Sloshing Star Goes Supernova
Click the image to play the animation
NuSTAR has provided the first observational evidence in support of a theory that says exploding stars slosh around before detonating. That theory, referred to as mild asymmetries, is shown here in a simulation by Christian Ott of the California Institute of Technology, Pasadena.
In this simulation, a supernova explosion is already underway. The small circle in the center represents the material that will form the dense star at the center of a supernova remnant, called a neutron star. The bright ring surrounding it is the shock wave created in the explosion. The colors represent temperature fluctuations. When the movie starts, the explosion has "stalled out," because the material falling back onto the neutron star has backed up, like too many cars on the freeway, blocking the shock wave from progressing.
As the explosion continues, material starts to slosh around, reenergized by particles called neutrinos. The neutrinos heat up the material more and more, causing the hot regions to rise into the cooler regions and form large bubbles in the material. Once the bubbles break through the surrounding material, it's as if the top of a pressure cooker blows off. There's nothing holding back the shock wave any more and the star explodes.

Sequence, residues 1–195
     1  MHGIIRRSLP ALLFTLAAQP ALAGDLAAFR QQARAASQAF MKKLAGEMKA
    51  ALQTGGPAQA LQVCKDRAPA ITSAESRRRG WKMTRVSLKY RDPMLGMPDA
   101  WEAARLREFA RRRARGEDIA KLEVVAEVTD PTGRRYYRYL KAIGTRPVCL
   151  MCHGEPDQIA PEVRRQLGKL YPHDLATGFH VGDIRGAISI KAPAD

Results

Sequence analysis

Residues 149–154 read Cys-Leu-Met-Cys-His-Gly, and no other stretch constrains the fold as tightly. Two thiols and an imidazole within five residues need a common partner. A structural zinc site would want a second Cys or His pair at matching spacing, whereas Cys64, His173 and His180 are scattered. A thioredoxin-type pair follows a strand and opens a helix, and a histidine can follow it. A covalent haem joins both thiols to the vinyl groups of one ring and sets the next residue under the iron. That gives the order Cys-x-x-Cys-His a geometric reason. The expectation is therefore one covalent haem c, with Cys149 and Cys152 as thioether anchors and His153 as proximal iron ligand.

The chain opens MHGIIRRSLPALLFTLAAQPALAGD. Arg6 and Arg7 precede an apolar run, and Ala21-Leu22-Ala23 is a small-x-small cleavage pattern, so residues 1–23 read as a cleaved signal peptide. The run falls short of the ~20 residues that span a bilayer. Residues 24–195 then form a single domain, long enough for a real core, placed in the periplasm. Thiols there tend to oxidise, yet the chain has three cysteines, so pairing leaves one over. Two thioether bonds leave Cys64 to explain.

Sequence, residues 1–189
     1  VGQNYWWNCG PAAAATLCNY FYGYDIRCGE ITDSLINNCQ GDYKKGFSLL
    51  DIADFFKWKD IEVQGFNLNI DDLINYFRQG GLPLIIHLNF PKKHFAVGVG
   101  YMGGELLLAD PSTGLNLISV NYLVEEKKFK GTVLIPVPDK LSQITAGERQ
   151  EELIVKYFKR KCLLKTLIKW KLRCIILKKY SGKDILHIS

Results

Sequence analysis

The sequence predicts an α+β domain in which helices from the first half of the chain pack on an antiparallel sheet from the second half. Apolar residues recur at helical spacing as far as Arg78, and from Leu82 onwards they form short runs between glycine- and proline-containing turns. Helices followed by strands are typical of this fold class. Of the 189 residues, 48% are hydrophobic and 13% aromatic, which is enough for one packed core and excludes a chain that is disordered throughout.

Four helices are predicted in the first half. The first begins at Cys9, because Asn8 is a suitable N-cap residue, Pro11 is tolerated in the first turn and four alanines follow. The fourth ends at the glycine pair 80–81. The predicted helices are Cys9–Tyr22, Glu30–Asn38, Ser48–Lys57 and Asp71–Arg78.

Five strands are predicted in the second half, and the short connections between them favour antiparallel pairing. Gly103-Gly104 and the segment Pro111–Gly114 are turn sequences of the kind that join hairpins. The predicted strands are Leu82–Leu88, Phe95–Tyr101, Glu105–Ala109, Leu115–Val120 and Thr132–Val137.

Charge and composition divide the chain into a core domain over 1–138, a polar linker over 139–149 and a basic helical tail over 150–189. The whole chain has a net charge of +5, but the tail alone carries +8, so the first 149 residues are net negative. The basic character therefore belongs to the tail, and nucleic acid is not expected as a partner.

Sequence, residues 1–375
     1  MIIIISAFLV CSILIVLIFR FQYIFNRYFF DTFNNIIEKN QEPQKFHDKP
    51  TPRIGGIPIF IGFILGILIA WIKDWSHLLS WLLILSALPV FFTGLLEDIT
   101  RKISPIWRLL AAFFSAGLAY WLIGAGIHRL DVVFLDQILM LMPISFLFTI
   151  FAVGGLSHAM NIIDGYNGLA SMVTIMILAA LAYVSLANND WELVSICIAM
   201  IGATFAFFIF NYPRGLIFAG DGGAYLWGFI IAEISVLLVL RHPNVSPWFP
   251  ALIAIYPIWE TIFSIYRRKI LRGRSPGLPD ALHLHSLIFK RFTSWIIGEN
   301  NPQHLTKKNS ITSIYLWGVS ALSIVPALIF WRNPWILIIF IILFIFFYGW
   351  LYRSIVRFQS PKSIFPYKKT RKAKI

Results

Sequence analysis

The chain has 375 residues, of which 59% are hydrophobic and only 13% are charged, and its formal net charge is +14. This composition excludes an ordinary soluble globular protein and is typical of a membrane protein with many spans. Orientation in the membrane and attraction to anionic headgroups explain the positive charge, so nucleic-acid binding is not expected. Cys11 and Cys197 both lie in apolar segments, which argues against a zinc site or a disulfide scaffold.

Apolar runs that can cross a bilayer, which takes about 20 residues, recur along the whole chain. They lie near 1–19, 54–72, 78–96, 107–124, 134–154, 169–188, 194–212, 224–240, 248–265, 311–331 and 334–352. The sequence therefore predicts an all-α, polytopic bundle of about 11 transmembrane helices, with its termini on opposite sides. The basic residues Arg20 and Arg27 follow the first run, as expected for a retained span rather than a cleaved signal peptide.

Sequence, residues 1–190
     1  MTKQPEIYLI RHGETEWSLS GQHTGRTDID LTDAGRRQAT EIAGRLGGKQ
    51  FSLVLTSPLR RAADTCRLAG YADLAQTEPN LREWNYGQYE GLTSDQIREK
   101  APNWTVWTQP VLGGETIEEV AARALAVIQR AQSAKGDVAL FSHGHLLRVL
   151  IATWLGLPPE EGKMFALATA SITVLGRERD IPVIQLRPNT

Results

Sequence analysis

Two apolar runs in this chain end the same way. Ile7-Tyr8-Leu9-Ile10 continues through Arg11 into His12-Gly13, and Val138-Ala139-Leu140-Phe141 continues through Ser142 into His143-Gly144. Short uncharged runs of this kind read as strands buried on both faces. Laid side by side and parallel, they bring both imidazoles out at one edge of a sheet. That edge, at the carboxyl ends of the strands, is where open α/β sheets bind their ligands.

NuSTAR is a Small Explorer mission led by the California Institute of Technology in Pasadena and managed by NASA's Jet Propulsion Laboratory, also in Pasadena, for NASA's Science Mission Directorate in Washington. The spacecraft was built by Orbital Sciences Corporation, Dulles, Va. Its instrument was built by a consortium including Caltech; JPL; the University of California, Berkeley; Columbia University, N.Y.; NASA's Goddard Space Flight Center, Greenbelt, Md.; the Danish Technical University in Denmark; Lawrence Livermore National Laboratory, Livermore, Calif.; ATK Aerospace Systems, Goleta, Calif., and with support from the Italian Space Agency (ASI) Science Data Center, Rome, Italy.
NuSTAR's mission operations center is at UC Berkeley, with ASI providing its equatorial ground station located at Malindi, Kenya. The mission's outreach program is based at Sonoma State University, Rohnert Park, Calif. NASA's Explorer Program is managed by Goddard. JPL is managed by Caltech for NASA.